Before you start anything else, start filling pages with ideas. Literally every monster, item encounter and scenery idea you can think of should go onto one page. Don’t worry about splitting it up into encounters just yet.  Next, figure out your setpieces, the things you want to spend the most time on/build towards. Depending on the size of your dungeon, there might only be one of these, or you might split them up into multiple dungeon zones. This will help keep you focused and give you a skeleton upon which to build the rest of your dungeon. While much of a crawl can be improved, if you know certain things are coming up ahead of time it helps to maintain a sense of progression and theming.  

Once you’ve figured out the major scenes you want to occur within this dungeon, you can start building scenery and encounters outwards, using your earlier brainstorming to supply props and events leading up to the big, flashy moments.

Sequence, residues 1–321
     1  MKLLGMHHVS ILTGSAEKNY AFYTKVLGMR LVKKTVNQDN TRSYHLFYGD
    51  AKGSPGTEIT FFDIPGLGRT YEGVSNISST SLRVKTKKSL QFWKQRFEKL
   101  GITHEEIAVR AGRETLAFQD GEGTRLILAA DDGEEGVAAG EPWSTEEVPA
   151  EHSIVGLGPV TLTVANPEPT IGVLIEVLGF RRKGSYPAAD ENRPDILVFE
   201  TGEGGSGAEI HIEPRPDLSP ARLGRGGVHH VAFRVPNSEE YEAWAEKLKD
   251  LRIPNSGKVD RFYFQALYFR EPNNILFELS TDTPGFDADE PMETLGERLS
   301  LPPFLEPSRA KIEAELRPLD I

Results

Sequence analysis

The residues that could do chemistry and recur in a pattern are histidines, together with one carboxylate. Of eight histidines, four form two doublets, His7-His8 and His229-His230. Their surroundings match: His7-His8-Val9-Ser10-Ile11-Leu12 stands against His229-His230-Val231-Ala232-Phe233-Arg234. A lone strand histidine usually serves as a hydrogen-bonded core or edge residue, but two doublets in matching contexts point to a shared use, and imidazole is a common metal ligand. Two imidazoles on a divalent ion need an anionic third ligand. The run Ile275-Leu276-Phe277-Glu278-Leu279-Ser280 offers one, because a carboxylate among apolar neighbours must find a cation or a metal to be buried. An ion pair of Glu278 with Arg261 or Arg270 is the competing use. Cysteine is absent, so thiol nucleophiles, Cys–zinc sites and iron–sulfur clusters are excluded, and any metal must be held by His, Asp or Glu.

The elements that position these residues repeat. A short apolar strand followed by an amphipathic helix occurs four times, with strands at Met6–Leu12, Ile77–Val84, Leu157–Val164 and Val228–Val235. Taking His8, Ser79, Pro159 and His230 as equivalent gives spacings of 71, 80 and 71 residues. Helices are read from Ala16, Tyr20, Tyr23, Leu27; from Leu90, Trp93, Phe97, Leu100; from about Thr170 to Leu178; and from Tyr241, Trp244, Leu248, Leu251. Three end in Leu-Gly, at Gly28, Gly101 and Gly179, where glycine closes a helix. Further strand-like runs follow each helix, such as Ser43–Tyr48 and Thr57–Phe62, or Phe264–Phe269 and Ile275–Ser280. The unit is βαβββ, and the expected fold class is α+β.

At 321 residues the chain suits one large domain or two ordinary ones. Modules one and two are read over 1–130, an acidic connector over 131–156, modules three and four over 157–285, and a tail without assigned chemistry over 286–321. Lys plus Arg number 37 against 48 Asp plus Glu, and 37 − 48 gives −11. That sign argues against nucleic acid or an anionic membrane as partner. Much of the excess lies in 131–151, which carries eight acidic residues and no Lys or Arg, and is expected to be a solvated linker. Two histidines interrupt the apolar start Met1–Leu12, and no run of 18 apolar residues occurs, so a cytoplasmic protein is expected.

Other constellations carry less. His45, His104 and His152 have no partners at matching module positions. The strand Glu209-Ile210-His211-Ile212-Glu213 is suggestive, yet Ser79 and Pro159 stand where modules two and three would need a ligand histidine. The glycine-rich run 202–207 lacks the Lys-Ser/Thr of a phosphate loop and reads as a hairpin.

Before I go any farther, I’d like to get one thing out of the way:  truly threatening, mandatory combat encounters should be in the minority. Most of the others should be optional ( able to be bypassed by stealth, persuasion, or simply not being a jerk), or against far weaker foes, as these will not eat up time that should be spent on more important/interesting threats.

At the same time, different sorts of challenges can be a great way to foreshadow the eventual encounter with the dungeon’s resident bruser, highlighting the monster’s habitat and abilities. if you have a monster that the party will be fighting in a pool, be sure to have them encounter a swimming challenge earlier in the zone. Have walls of rubble that are near impossible to clear, only for your monster to bash right through them ( creating a convenient shortcut between two previously unconnected rooms), Flying creatures can take advantage of scaling cliffs or sudden drops, ambush monsters often attack from the dark or hidden places, so force the players to think about their lighting.

 Art is Old Castle Corridor by Silentfield

Finding our way: